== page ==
Mar 232014

highways and bywaysI was planning to use my recently concluded Spring Break to tackle the backlog of ungraded papers, unwritten posts, unanswered correspondence, and other unattended matters that has been piling up since the start of the semester. My plans were undone by a familial request. Winter has been particularly long and nasty here — making the household natives particularly restless. Shortly before I was about to hunker down and get to work I was informed, “We need to go someplace over break.” The tone of delivery made clear the one, correct answer: “Yes, Dear.”

As we were already scheduled to make a brief visit to the Kansas City-area, the decision was made (note: passive voice) to locate someplace within a day’s drive from there where the weather was warm and “there were things to do.” That someplace turned out to be Dallas, TX.

Indeed, Dallas does have things to do all connected by countless miles of concrete expressways. Among the items crossed off the Agenda during the short two-day stay were visits to the Arboretum and Botanical Garden (the weather was gorgeous, though it was a month early for the best visuals); the Perot Museum of Nature and Science (the exhibit halls on engineering and energy production are excellent, go figure), Snider Plaza (abutting the gob-smackingly gorgeous campus of Southern Methodist University); and all the Tex-Mex we could eat (yum). Domestic tranquility thus insured, the visit was a success.

The most memorable part of the journey, however, didn’t take place in “Big D,” but on the way there during a brief stop in Carthage, Missouri (Jasper County seat and America’s “Maple Leaf City,” population 14,378.)

The first billboard appeared alongside I-49 about thirty miles or so north of town. As soon as I saw it, I determined (active voice!) it was time to take a break from the road. We’d pull over to stretch our legs. At the same time, we’d use the delay to visit The Precious Moments Chapel.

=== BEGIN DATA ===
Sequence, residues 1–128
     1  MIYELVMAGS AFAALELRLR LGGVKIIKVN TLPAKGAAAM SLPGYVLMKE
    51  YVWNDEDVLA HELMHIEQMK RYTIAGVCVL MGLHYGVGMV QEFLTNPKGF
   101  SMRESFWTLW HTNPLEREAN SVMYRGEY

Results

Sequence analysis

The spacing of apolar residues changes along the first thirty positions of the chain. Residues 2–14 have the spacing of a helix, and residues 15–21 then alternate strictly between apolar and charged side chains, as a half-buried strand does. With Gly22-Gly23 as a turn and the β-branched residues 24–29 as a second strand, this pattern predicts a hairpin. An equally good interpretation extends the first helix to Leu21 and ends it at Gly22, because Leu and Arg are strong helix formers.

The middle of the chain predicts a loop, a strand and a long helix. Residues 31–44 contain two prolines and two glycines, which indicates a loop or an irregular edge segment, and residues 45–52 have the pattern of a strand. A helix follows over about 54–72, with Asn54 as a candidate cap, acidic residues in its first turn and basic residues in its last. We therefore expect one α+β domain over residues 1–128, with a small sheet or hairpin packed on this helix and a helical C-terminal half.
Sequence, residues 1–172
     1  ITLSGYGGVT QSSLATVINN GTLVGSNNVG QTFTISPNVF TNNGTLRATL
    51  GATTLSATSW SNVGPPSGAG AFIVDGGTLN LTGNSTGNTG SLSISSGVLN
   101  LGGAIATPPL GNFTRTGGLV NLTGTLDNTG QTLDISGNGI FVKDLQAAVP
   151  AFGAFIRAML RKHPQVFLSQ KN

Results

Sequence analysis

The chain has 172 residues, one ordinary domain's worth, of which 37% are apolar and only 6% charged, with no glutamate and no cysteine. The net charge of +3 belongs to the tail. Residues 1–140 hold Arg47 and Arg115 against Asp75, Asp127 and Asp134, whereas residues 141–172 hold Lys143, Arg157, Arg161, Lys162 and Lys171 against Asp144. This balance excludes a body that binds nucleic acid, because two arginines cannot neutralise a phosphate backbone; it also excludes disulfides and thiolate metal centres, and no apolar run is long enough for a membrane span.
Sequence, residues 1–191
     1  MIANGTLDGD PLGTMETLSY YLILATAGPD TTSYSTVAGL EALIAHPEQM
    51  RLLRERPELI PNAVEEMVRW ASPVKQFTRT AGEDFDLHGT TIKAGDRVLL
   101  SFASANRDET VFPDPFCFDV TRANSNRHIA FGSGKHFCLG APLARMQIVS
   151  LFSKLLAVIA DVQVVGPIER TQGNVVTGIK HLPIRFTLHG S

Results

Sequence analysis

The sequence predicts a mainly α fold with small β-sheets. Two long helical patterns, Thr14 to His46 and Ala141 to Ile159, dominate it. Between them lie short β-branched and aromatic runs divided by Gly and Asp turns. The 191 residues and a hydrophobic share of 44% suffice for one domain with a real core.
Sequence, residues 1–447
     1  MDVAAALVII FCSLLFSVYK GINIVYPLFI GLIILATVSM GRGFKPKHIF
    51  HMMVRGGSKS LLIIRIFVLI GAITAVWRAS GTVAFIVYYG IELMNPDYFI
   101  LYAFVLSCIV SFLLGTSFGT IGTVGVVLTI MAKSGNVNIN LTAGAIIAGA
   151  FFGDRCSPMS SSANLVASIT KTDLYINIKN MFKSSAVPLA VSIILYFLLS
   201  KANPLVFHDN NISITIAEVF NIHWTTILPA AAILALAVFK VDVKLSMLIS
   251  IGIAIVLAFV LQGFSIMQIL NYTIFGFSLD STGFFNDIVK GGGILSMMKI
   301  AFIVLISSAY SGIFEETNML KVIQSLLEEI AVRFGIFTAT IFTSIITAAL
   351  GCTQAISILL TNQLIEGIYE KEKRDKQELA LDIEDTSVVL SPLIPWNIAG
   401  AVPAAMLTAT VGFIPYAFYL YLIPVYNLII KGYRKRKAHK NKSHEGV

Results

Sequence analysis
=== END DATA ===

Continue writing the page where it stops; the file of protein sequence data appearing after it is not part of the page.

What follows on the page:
Created by Christian illustrator and self-styled “chalkboard minister” Samuel J. Butcher in 1974, “Precious Moments” began as pen-and-ink cartoons of teardrop-eyed children hawked at Christian conventions and trade shows. Toward the end of the decade it metastasized into a line of collectibles. The brand’s best-known products are porcelain golems fixed in endearing poses inspired by religious or devotional themes. "He's got...lifeless eyes, black eyes, like a doll's eyes."Precious Moments, in short, is a quintessential example of the curious combination of consumerism and Christianity that has long been a feature of American popular culture.

The franchise hit its stride in the mid- to late-1980s when it was transformed into a “giftware” business and licensing company (Precious Moments, Inc.). In addition to selling figurines and related merchandise, PMI undertook the production of several animated films and the construction of a Precious Moments theme park outside scenic Carthage, MO. At the height of its popularity, the Carthage attraction welcomed upwards of 400,000 (!) visitors each year. Its leading attraction: the Precious Moments Chapel.